David Copperfield's understudy has been performing his own brand of Illusion for some time in Waikiki, in a big budget spectacular called The Magic of Polynesia. I've always been a fan of magic since I was a small boy, and there was just no way I could possibly stay away from a show by a magician good enough to understudy such a well known illusionist, especially as I was lucky enough to have seen David Copperfield live in London on a previous occasion - so I booked the late night show and went along to see if it was everything it was cracked up to be. The Magic of Polynesia is performed by award winning magician John Hirokawa every night at the Waikiki Beachcomber hotel, in its multi-million dollar showroom. As I queued up with hundreds of others outside, the man himself came out to delight the crowd with tricks and to have his photograph taken with fans, which I thought was a genuinely nice touch. Of course as soon as all the scantily clad showgirls appeared behind him he suddenly found himself no longer the first choice for photographs, at least amongst the men - but I don't suppose he really expected anything else. The guy behind me in the crowd was the spitting image of Santa Claus, complete with full white knee length beard. He was obviously aware of this fact and spent much of his time in the queue producing business cards with SANTA CLAUS written on them for startled small children who looked delighted and ran around telling everybody they'd met Santa on his day off. The Americans really don't do things by halves. John Hirokawa's show is a non stop showcase of lasers, pyrotechnics and electronic wizardry which holds the audience spellbound for two hours. It would be far more accurate to describe the show as The Illusions of Polynesia because the word magic still sums up memories of relatives performing bad card tricks over dinner when I was seven, and these huge stage productions are a whole world away from that. From the very first moments of the show when John Hirokawa bursts out of a helicopter apparently flown onto the stage, to the moment the curtain falls, the audience is gasping with disbelief throughout. I was sitting at a table with a small group from Vancouver and a woman with her grand-daughter, and the young girl spent the entire performance holding onto her grand-mother and burying her head in her bosom as explosions erupted overhead. At one point, John Hirokawa built a huge monster on stage from an eighteen foot pile of fruit and it magically became animated and charged around the auditorium belching fire and roaring, at which the poor girl was just reduced to tears. The illusions came fluidly with no breaks in between to set up the next, and I found it incredible that Hirokawa had any time to think about what he was going to do next - and yet I never saw any slip ups and haven't got the faintest idea how any of it was done. The backdrop for the stage was a realistic landscape of erupting volcanoes, waterfalls and lava flows, all apparently real and totally believable. To say that this was a world away from the show I went to see back in Fiji would be an understatement of the highest order. I actually came out of the theatre with my mind totally blown, and can honestly say that I found the show even better than anything I'd previously seen from David Copperfield. In a couple of weeks time, I have every intention of watching the world famous Siegfried and Roy spectacular in Las Vegas - and lets face it, that's probably going to be even better than this was. I really can't wait. Waikiki comes alive at night. I walked back from the show along streets lined with street artists and vendors, jugglers and men on stilts, Hollywood style prostitutes on every corner bringing down the area but looking glamorous nonetheless. I wandered through the International Market which was so massive and reminiscent of the markets in Fiji and Thailand that I was able to immerse myself in the colours and smells and forget for a moment that I was in the United States of America. I wandered briefly into the nightclub next door to my hotel and found that as soon as I ordered a drink I was surrounded by girls wanting to know where I came from in Australia. By the time I got back to the hotel and made my way up to the top floor, I was absolutely exhausted and couldn't wait to sink into a deep sleep. I like what I've seen of Hawaii very much. It really is a pity that I don't have the time or budget to visit some of the other Hawaiian islands - the entire chain is made up of Oahu (where I am now), Hawaii, Maui, Molokai, Kauai, Nihau, Lanai and Kahoolawe. It's possible to take helicopter trips out to some of the mostly deserted islands, or a coach and boat tour of Maui or Hawaii (The Big Island) - but these run into hundreds of dollars and I just don't have that sort of cash free with much of my journey still in front of me. I would like to return at a later date and do some real exploring, especially as some of the outer islands are supposed to be covered in rainforests and volcanoes as far as the eye can see. In fact, I've been told by locals that some of them are quite remarkably like the island depicted in Fantasy Island - and if that's not a reason to come back, I don't know what is. Oh and for the record, when American girls get excited about my accent and ask me what part of Australia I come from, I usually tell them Brisbane. Well, I wouldn't want to blow a sure thing, would I?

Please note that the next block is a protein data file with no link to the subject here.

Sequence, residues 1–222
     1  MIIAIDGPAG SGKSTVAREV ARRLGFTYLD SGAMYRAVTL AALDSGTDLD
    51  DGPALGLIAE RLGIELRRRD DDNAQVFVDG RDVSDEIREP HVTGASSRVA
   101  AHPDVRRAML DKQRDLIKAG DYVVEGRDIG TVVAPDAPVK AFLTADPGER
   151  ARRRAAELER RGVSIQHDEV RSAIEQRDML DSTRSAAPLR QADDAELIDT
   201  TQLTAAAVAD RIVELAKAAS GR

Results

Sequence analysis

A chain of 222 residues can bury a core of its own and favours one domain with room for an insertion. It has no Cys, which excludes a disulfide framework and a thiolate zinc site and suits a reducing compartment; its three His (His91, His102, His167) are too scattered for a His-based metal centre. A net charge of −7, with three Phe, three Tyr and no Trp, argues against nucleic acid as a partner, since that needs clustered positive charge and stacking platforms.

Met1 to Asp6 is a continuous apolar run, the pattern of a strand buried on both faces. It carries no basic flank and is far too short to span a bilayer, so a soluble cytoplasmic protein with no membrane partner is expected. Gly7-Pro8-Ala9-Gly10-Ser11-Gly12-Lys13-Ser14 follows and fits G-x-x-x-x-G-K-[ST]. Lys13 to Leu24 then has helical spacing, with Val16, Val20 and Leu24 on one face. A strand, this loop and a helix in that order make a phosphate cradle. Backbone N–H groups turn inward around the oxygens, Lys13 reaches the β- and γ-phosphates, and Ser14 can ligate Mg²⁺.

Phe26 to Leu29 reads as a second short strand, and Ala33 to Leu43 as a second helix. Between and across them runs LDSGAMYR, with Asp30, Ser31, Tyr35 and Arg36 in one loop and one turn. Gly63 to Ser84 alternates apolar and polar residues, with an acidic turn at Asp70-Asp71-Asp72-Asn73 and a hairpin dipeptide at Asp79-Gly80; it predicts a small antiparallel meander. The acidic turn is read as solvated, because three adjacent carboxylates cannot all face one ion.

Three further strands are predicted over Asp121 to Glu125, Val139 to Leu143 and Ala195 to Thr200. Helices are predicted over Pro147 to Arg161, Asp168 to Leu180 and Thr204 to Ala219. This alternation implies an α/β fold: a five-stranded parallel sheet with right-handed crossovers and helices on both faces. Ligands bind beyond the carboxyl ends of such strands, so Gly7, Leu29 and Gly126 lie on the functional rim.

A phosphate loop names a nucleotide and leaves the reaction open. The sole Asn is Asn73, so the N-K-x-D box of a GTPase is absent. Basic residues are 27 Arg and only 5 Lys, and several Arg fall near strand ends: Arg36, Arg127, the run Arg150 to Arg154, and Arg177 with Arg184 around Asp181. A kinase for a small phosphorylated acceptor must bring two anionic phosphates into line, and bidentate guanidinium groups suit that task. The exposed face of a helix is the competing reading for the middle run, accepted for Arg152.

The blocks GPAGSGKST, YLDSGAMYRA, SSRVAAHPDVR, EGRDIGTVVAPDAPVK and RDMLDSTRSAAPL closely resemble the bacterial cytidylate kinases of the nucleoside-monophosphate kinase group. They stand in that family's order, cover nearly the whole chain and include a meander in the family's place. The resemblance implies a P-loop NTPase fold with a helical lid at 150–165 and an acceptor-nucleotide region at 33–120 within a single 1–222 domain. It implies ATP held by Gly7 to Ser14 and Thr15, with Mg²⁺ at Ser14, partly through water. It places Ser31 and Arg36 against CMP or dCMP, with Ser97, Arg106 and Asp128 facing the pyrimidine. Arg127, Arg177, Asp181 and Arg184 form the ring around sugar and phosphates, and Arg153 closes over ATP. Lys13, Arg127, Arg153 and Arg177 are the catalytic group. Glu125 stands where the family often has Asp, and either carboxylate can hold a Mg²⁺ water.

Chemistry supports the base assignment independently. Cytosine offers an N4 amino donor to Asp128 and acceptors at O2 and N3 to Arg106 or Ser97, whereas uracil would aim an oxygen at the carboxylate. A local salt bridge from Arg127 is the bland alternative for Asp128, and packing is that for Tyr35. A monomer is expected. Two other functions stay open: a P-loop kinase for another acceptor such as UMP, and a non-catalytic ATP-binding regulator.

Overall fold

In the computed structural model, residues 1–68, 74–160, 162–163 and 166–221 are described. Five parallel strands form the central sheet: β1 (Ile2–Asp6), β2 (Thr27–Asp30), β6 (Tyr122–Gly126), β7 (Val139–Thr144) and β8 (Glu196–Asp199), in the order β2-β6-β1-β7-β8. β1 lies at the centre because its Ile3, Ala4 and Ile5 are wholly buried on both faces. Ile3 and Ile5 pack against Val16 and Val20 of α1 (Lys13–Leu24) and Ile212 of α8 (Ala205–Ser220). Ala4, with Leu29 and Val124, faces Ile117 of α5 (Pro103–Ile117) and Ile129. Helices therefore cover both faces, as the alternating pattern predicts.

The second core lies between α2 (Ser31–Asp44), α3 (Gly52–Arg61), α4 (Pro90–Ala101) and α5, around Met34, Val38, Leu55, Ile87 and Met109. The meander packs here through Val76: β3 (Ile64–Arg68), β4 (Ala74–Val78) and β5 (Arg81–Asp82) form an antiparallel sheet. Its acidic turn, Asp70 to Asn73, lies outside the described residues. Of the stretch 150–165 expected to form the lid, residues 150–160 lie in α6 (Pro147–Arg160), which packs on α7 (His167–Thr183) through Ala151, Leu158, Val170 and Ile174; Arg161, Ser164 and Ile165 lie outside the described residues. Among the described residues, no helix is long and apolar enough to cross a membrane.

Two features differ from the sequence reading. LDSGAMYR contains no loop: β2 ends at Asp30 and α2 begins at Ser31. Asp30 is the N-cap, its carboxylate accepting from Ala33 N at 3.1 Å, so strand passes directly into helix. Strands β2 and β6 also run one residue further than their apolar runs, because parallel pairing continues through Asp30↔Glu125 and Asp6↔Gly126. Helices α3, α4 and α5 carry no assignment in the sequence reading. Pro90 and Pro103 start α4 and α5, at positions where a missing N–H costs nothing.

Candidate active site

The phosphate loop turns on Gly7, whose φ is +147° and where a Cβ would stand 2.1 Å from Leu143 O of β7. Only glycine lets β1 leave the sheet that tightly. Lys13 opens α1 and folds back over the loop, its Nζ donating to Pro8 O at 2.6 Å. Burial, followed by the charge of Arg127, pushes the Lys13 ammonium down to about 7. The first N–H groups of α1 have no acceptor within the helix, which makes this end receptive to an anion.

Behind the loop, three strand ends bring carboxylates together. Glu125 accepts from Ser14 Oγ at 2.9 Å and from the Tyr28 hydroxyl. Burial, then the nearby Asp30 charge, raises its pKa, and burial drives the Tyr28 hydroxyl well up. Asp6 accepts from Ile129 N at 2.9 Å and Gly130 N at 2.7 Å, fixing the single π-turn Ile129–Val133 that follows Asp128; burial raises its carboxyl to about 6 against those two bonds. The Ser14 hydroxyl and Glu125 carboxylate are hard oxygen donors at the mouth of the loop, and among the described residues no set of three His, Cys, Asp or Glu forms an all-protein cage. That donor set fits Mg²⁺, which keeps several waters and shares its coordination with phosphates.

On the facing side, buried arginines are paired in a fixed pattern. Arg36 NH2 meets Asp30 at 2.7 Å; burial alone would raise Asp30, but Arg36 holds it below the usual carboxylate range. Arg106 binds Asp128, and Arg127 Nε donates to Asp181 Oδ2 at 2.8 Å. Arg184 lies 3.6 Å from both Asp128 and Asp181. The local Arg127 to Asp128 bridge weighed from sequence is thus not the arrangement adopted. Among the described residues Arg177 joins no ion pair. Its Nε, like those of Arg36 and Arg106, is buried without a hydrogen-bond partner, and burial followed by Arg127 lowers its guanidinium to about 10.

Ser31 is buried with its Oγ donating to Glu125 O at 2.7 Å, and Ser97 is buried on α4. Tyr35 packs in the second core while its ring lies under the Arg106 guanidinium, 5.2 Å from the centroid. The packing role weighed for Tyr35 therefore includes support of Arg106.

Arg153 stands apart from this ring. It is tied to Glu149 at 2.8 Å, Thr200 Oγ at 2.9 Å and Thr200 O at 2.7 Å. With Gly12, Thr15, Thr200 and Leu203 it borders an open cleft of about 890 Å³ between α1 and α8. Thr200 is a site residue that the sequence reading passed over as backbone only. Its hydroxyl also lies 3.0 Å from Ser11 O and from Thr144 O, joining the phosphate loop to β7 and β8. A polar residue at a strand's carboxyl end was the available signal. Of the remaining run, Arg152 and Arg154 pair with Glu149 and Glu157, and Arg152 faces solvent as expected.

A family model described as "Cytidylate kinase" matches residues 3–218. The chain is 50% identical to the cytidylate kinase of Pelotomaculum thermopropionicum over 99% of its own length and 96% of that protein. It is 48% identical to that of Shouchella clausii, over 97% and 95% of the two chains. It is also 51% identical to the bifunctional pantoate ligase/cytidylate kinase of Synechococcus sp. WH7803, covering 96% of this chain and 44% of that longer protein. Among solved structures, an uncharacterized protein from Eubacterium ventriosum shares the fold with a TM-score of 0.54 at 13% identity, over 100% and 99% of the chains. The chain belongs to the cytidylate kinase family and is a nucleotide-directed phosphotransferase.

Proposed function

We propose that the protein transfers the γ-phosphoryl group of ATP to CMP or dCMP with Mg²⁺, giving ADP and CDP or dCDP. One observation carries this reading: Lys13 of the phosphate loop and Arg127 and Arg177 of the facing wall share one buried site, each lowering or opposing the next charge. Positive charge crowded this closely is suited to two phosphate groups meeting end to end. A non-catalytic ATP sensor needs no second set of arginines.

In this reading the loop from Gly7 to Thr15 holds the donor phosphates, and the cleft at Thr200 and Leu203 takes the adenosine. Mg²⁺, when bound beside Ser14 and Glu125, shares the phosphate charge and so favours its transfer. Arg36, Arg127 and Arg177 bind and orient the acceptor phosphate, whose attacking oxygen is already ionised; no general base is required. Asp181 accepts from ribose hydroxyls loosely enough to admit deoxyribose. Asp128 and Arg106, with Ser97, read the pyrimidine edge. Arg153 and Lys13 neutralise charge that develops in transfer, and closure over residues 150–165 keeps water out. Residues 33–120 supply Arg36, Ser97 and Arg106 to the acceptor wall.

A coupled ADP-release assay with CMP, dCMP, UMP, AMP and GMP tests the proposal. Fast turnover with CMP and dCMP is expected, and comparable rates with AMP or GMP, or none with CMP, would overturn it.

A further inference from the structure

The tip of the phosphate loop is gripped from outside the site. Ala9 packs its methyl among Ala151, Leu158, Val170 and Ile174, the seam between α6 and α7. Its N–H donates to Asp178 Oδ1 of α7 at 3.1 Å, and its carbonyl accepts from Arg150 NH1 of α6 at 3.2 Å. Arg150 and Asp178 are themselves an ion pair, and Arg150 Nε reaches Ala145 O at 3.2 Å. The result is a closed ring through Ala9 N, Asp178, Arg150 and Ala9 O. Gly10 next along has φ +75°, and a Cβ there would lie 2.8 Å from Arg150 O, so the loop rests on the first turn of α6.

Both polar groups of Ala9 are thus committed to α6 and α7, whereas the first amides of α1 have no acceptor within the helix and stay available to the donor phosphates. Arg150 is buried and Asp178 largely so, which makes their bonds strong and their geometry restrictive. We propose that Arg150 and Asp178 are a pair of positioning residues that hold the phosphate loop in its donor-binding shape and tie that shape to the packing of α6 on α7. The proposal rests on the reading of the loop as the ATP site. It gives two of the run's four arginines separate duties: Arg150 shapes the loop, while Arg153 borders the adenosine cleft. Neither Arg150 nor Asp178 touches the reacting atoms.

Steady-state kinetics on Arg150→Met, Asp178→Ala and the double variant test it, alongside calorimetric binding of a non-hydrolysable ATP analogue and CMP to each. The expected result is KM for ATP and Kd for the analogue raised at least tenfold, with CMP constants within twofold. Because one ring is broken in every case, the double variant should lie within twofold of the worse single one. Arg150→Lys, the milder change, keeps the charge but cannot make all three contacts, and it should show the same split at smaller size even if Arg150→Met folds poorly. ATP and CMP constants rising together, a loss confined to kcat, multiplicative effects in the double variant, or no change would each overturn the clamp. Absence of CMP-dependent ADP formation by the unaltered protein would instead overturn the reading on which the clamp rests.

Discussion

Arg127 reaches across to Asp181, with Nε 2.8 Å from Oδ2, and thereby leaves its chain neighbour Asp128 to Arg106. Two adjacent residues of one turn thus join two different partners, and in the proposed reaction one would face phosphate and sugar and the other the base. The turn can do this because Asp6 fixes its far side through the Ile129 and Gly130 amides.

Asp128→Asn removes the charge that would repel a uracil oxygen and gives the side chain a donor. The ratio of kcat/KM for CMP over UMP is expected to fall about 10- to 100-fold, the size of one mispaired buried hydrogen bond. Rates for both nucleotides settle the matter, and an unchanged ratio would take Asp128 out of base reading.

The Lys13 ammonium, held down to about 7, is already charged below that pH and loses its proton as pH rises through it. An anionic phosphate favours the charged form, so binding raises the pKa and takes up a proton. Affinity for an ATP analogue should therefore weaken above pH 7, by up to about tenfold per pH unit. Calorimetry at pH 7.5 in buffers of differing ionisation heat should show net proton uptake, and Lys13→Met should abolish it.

You can read my complete travel journals at http://www.offexploring.com/globalwanderer and http://www.offexploring.com/globalwanderer2